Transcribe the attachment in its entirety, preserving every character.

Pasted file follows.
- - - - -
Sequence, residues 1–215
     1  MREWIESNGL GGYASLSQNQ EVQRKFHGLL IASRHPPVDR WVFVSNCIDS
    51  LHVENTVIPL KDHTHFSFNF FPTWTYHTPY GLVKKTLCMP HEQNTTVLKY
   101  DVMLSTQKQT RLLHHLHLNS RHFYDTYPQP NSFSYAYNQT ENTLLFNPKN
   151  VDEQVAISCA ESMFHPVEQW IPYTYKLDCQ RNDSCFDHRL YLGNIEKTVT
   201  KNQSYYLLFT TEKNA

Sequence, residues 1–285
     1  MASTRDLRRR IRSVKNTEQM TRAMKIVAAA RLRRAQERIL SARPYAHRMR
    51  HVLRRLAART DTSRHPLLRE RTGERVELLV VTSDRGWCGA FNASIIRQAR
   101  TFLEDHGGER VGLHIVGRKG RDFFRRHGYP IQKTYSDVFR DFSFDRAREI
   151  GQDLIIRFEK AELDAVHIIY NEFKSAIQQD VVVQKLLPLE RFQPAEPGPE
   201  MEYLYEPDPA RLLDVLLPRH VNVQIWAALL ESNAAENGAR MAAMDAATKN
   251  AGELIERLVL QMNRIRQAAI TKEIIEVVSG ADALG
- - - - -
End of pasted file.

Sequence, residues 1–215
     1  MREWIESNGL GGYASLSQNQ EVQRKFHGLL IASRHPPVDR WVFVSNCIDS
    51  LHVENTVIPL KDHTHFSFNF FPTWTYHTPY GLVKKTLCMP HEQNTTVLKY
   101  DVMLSTQKQT RLLHHLHLNS RHFYDTYPQP NSFSYAYNQT ENTLLFNPKN
   151  VDEQVAISCA ESMFHPVEQW IPYTYKLDCQ RNDSCFDHRL YLGNIEKTVT
   201  KNQSYYLLFT TEKNA

Sequence, residues 1–285
     1  MASTRDLRRR IRSVKNTEQM TRAMKIVAAA RLRRAQERIL SARPYAHRMR
    51  HVLRRLAART DTSRHPLLRE RTGERVELLV VTSDRGWCGA FNASIIRQAR
   101  TFLEDHGGER VGLHIVGRKG RDFFRRHGYP IQKTYSDVFR DFSFDRAREI
   151  GQDLIIRFEK AELDAVHIIY NEFKSAIQQD VVVQKLLPLE RFQPAEPGPE
   201  MEYLYEPDPA RLLDVLLPRH VNVQIWAALL ESNAAENGAR MAAMDAATKN
   251  AGELIERLVL QMNRIRQAAI TKEIIEVVSG ADALG